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Chunzai Wang
,
Shenfu Dong
,
Amato T. Evan
,
Gregory R. Foltz
, and
Sang-Ki Lee

Abstract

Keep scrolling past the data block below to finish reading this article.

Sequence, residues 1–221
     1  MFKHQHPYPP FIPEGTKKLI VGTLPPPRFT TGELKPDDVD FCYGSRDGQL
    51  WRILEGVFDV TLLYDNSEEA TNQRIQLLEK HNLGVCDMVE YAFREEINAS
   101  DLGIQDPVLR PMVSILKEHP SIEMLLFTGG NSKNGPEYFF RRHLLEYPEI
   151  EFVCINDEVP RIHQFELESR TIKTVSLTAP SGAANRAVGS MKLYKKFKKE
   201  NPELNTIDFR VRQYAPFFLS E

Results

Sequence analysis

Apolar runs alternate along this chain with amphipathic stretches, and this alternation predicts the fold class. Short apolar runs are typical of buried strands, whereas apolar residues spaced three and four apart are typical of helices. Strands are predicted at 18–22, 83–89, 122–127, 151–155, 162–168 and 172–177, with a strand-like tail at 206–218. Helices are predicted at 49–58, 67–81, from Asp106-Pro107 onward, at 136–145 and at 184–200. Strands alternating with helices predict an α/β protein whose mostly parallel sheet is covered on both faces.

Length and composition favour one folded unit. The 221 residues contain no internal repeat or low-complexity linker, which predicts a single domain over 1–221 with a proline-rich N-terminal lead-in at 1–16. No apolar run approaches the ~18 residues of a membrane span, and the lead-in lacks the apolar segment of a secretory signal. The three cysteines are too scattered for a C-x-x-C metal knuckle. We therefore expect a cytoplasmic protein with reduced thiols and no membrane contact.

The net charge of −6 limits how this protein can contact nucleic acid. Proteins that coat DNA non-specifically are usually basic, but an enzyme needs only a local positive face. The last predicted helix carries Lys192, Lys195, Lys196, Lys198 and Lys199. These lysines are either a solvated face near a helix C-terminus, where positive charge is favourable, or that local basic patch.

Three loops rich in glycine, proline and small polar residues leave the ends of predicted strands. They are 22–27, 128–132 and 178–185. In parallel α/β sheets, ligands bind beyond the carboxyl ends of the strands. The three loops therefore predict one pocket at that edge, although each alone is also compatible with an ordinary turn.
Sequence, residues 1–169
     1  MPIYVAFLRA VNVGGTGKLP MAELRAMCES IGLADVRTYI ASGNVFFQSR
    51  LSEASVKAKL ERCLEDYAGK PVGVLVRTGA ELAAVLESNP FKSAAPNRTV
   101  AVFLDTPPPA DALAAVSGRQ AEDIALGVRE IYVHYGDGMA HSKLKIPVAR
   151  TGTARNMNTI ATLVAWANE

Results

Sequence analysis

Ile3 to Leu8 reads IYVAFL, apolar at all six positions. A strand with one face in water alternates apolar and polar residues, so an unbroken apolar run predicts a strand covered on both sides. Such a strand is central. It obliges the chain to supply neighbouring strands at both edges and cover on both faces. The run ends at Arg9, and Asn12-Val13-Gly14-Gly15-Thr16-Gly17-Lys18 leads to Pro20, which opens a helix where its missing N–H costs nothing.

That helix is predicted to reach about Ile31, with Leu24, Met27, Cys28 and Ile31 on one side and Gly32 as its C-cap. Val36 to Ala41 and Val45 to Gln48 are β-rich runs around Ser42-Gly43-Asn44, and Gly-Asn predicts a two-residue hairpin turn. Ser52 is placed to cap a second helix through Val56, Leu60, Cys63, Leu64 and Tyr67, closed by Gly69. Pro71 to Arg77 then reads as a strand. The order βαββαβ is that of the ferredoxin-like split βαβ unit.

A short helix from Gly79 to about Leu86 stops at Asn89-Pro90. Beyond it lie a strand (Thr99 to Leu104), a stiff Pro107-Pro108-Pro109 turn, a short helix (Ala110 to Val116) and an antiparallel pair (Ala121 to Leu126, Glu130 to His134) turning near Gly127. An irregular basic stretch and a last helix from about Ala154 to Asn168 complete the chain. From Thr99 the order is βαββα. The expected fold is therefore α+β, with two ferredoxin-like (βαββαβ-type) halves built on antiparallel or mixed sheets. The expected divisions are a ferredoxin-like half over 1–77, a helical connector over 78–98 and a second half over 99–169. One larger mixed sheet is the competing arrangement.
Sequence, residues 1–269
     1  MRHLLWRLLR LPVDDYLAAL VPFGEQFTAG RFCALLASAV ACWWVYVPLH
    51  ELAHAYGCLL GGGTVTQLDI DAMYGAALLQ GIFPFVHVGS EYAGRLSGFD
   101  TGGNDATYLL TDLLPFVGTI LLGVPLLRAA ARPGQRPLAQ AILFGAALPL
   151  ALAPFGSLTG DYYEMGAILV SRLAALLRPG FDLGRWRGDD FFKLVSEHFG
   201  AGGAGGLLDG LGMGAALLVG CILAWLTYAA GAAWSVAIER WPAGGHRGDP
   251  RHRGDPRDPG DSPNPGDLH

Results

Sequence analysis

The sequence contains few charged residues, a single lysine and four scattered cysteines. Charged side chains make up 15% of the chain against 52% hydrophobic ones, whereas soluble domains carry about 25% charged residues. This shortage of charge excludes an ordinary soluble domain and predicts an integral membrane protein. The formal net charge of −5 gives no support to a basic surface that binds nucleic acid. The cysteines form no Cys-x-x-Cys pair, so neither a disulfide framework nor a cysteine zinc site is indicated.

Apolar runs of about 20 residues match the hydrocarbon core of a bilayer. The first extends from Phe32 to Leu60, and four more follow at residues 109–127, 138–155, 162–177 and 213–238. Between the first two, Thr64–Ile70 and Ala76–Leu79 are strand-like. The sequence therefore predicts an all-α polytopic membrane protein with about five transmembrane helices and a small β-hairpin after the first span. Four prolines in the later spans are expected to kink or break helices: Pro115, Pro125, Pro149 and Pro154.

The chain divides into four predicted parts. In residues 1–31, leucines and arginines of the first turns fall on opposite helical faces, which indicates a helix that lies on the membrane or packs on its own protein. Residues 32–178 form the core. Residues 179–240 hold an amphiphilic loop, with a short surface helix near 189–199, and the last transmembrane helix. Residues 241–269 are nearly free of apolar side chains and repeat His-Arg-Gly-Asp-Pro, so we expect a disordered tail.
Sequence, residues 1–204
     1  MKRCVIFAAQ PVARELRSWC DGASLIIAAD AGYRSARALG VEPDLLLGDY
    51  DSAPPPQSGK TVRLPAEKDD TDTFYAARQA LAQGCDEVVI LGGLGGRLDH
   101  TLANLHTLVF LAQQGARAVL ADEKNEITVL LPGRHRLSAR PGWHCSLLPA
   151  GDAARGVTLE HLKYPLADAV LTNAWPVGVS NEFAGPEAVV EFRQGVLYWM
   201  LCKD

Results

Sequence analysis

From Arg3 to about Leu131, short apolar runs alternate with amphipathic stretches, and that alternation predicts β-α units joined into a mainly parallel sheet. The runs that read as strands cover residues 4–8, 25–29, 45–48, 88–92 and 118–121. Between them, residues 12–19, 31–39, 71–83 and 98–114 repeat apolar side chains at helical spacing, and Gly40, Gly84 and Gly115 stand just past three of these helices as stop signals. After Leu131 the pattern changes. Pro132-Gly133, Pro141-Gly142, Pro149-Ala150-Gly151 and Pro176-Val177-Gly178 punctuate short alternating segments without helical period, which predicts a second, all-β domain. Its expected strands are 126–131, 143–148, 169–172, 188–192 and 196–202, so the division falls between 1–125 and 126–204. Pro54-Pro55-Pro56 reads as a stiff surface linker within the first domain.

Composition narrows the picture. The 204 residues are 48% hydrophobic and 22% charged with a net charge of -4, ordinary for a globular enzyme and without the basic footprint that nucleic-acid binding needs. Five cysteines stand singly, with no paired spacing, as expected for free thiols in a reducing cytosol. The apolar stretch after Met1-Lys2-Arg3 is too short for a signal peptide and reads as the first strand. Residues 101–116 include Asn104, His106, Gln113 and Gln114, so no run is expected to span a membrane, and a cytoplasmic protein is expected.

Most studies of African dust and North Atlantic climate have been limited to the short time period since the satellite era (1980 onward), precluding the examination of their relationship on longer time scales. Here a new dust dataset with the record extending back to the 1950s is used to show a multidecadal covariability of North Atlantic SST and aerosol, Sahel rainfall, and Atlantic hurricanes. When the North Atlantic Ocean was cold from the late 1960s to the early 1990s, the Sahel received less rainfall and the tropical North Atlantic experienced a high concentration of dust. The opposite was true when the North Atlantic Ocean was warm before the late 1960s and after the early 1990s. This suggests a novel mechanism for North Atlantic SST variability—a positive feedback between North Atlantic SST, African dust, and Sahel rainfall on multidecadal time scales. That is, a warm (cold) North Atlantic Ocean produces a wet (dry) condition in the Sahel and thus leads to low (high) concentration of dust in the tropical North Atlantic, which in turn warms (cools) the North Atlantic Ocean. An implication of this study is that coupled climate models need to be able to simulate this aerosol-related feedback in order to correctly simulate climate variability in the North Atlantic. Additionally, it is found that dust in the tropical North Atlantic varies inversely with the number of Atlantic hurricanes on multidecadal time scales because of the multidecadal variability of both direct and indirect influences of dust on vertical wind shear in the hurricane main development region.

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